Monthly Archives: October 2012

football in the dark

the sun

f

a

l

l

s

on the windowpane;
the shattering glass
glistens.

sphere bouncing off
again and again
in the replay of that time:
the thump
thump thump
of children’s beating hearts.

we don’t wait for the shout,
we run, paling,
into the leafy dark
where we collide with silence
and each other.

breath escapes,
fear subsides, feet find the ground:

we learn to play football in the dark.

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108. flesh and blood

intrinsically, we are all the same: flesh and blood, bones and dust. and when we are born, the world flutters under the weight of us. we are the oxygen of life.

as a woman, it is hard not to feel the nautical beat of potential life swimming somewhere deep down inside, the taut knot tied tight. and only the tide of red flushing the possibility out is a concession of peace, a book falling shut with a gust of wind, oyster shell clamming up. we learn to breathe only for ourselves again.
we are liberated, we are free. from responsibility, from fear, from life, yet unborn, screaming to break out with a pair of lungs not yet formed.

and yet, on the other side of a coin, we are told that once formed, the foreign clump has rights? jeremy hunt and patriarchy. it’s men’s world, just as it ever was. we strive for humanity but religion clouds the eyes. are statistics not enough? what’s humane about bringing an unwanted child into the grim ouskirts of this world?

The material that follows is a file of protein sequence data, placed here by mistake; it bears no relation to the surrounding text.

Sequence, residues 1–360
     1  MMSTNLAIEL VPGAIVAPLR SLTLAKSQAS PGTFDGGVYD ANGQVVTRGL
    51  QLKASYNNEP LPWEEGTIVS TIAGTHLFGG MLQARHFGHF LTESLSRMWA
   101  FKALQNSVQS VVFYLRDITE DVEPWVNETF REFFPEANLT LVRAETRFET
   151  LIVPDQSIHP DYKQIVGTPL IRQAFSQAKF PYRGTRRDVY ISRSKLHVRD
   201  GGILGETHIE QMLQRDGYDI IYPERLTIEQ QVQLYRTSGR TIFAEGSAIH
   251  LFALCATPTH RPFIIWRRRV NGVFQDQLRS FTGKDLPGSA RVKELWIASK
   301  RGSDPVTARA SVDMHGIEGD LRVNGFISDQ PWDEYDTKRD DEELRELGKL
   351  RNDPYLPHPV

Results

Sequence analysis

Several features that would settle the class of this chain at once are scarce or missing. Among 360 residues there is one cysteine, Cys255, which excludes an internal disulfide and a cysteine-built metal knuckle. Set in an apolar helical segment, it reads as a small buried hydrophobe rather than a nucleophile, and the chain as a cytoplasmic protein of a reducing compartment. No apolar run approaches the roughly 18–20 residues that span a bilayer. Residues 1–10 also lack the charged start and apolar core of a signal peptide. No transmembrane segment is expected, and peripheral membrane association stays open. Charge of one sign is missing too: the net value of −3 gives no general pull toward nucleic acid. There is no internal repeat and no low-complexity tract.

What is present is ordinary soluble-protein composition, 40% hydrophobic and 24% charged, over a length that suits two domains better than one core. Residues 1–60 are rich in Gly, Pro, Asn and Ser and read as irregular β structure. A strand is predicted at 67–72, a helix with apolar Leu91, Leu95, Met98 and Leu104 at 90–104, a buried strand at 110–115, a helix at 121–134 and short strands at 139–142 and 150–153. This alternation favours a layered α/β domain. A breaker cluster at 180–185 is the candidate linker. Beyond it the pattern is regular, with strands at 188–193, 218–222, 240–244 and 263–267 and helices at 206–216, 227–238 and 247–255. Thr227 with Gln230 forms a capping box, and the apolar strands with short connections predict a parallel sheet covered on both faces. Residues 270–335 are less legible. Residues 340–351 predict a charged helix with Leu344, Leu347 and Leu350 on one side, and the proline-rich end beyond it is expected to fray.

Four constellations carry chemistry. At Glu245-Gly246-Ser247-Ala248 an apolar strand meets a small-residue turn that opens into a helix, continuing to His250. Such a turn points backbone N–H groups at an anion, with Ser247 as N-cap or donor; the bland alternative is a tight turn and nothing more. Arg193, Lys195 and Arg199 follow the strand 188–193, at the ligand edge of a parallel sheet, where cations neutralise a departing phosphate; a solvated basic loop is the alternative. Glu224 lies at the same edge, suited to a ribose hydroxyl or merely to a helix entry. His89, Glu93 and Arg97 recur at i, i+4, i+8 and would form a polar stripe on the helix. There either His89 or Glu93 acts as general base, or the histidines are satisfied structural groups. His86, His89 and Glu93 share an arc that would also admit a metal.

i grew up in ukraine. the newly independent, drained ukraine of the nineties, worse even than it is today. i was a hotly unticipated child, the following story is not about me. the story is about a friend of my mum’s who said something i will never forget. at christmas, i take my kids to visit an orphanage to see how lucky they are to growing up in a family.
there’s in excess of 100,000 orphans in ukraine even now. 90% of them still have living parents, parents who don’t want to or can’t look after them. at 16, when they leave orphanages, they, more often than not, take to the streets to live the life of crime.

now, i’m not saying abortion is right but if ever i was in a bad position, i’d want to have that second chance, the opportunity to do what’s right and not throw a part of me away onto the scrapheap of life. pro-choice was never just about women, it’s also about the suffering of children born only to be abandoned.

then again, what would you know about that, mr. jeremy hunt,  educated at oxford, born to a sir?

107. in the rain

sometimes i think i only live inside your blood because i haven’t learnt to live in seperation.

you’ve been saving me so long, you know. and now, how do i tell you that it wasn’t worth it, my love? death will come and get me in the end and it will transpire to you that i was always closer to plath than to anais.
the death instinct shakes the salt out of me, it’s the pearlescent blue of the vein branches;  it will reach the heart eventually, it’s always there, diffused in the blood.

i’m always going somewhere, bumping into hurts, renewing my lease on life. and we all know life doesn’t come cheap and death doesn’t come fast for plain janes like us. sometimes i wish to break the mould like sylvia plath, but for now you love me and i’m still tough and sharp like a piece of shattered glass.

i see vendors of big issue on the streets and i wish i could take them all in. as a child, i planned to set up a house where homeless would sleep until they got back on their feet. now, all grown up, i can only smile at such grand dreams and buy the magazine from the kind face smiling at me in the rain.

the world is full of pain.